You can talk about much higher ATP's all day long, but if volume falls enough less money will be made and that is a fact.

 

You would think Escape would be down if everyone was waiting on the new one, but it seems that the introduction of the new one hasn't hurt the current ones sales at all. It had another impressive month.

This is the interesting view on this site. People were saying prior to the 2011 release, that the 2010 Mustang (with incentives) wasn't selling well because people were waiting for the 2011 powertrains. Now people are saying the 2011 Escape is selling well because of incentives and people aren't waiting for the 2012. I know these are different vehicle categories and different customer bases. But always interesting to see people flip-flop their reasoning on why something may be or not be selling well.

 

And no, this wasn't directed at you 2005Explorer.

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Well let's hope the same thing doesn't happen when the new Escape shows up. I know a lot of you think I am crazy to think that the new Escape might not be as successful as the current one, but Ford is applying the same formula to the Escape that they have applied to the Focus and the results have been mixed.

 

You can talk about much higher ATP's all day long, but if volume falls enough less money will be made and that is a fact.

 

You would think Escape would be down if everyone was waiting on the new one, but it seems that the introduction of the new one hasn't hurt the current ones sales at all. It had another impressive month.

 

When you are selling $29,000 Escape Limited models for $21,000, and Bill Brown Ford says they have something like 75 in stock at the price, there is no way Ford is going to sell premium priced 2013 Escapes at this sales rate that present Escape is going at. In Ford's defense, I doubt if Ford has a great profit margin on this outgoing Escape model with all the incentives on it plus high percentage fleet sales. Ford may only sell 12,000-15,000 2013 Escapes/month, but that will be with minimal incentives and it will be a more premium vehicle and more retail oriented and less fleet dependent than present, dated Escape.

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Classic F-150 massive profit generating 47,740 sales awesome, Ford's No 2 best seller in November the old boxy Escape still USA's No1 best selling SUV this year with 21,823 sales will struggle sales wise to match these numbers with boring dull shaped new set of clothes in the future.

 

Brand spanking new to the market Focus struggling with 11,000 sales fails to impress.

Edited by Ford Jellymoulds
The 2012 F-150 is not a Classic.

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And Ford's marketing on the Focus has been particularly awful.

Marketing of the Focus has been all over the TV the last couple months around here. Would appear to me they are pushing it quite hard. But they are sitting collecting dust on my local dealers lot.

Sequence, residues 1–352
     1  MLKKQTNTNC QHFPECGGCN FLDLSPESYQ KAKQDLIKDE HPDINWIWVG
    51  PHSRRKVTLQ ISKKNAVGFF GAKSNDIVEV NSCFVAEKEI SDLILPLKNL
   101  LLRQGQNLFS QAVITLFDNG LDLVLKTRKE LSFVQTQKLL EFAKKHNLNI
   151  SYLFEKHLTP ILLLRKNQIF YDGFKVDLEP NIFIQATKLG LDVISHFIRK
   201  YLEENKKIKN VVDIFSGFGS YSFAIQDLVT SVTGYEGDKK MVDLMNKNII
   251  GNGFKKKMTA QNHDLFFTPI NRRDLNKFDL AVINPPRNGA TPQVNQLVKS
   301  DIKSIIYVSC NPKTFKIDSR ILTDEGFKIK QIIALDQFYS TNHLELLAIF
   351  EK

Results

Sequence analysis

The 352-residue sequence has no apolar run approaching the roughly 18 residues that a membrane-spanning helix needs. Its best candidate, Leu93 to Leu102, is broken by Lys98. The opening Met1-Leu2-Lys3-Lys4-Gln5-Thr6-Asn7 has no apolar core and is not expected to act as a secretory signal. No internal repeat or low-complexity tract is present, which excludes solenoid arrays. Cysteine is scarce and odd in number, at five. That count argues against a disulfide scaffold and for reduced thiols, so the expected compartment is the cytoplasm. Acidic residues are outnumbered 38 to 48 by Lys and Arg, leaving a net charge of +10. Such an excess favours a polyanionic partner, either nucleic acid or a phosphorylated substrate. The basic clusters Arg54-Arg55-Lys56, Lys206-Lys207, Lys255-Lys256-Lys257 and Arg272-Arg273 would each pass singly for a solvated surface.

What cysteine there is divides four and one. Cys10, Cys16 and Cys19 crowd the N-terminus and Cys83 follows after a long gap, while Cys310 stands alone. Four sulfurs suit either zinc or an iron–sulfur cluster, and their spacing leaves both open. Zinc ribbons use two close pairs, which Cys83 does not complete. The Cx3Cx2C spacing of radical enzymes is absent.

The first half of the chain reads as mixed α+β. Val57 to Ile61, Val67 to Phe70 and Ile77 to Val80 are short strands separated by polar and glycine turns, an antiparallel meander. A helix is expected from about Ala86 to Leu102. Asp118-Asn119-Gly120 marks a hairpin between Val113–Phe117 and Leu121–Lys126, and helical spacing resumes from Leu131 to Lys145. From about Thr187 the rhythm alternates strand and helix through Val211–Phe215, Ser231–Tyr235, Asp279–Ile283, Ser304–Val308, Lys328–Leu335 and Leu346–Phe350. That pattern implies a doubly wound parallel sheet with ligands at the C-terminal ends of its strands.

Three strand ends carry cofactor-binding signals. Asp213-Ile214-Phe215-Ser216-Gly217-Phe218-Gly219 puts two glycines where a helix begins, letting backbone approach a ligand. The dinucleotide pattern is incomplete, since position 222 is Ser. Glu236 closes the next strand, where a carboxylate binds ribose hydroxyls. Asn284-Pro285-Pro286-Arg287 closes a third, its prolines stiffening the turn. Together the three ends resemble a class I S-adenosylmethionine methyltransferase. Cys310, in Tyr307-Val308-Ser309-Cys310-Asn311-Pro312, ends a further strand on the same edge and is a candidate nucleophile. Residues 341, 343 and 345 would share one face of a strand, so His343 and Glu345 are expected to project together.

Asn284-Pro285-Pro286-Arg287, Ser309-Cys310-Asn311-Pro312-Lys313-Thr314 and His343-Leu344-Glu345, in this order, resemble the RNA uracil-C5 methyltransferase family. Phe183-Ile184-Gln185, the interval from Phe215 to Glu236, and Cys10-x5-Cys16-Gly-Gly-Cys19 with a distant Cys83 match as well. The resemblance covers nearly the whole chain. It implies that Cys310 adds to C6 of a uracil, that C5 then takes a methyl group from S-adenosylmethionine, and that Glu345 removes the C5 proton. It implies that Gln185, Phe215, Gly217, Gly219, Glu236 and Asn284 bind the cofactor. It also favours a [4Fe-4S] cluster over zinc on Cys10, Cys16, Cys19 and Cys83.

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Marketing of the Focus has been all over the TV the last couple months around here. Would appear to me they are pushing it quite hard. But they are sitting collecting dust on my local dealers lot.

 

I am aware of no major marketing push for the Focus alone, outside of the unsuccessful Doug campaign on YouTube.

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I don't think I've ever seen a commercial for the Focus?

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Marketing of the Focus has been all over the TV the last couple months around here. Would appear to me they are pushing it quite hard. But they are sitting collecting dust on my local dealers lot.

 

 

Yep, I make it a point to look at prep area of Ford dealer when taking my Ford in for service, and this month prep areas were full of Escapes, Fusions, Explorers, Edges, and very few Focuses. So not surprised by monthly sales figures. Focus will get its day in the sun, but it's months away IMO. Not this winter for sure unless Ford goes crazy with incentives which I seriously doubt.

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I am aware of no major marketing push for the Focus alone, outside of the unsuccessful Doug campaign on YouTube.

It's been pushed so much, my 15yr old daughter who knows I'm a Ford guy, has asked me about the new Focus she's been seeing all over TV and how it parks itself.

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11k Focus? Goodness.

 

Escape, Explorer and Edge all looking good. Fusion had another 19k month.

 

MKX inched up over 2k, every other Lincoln is down.

I hate to see 11K of Focus selling. But in terms of economics, the demond curve is a down-slope curve for Focus. So if you want to charge at high price, you have to reduce the quantity. This kind of manupilation of quantity and price can help Ford get maximized profit. Well, economics theory sometime is really not that make sense, but every firm use that down-slope curve to maximize the profit. Ford is just one of them. Based on that, I am happy, because what Ford is doing is to maximize the long turn value of the company.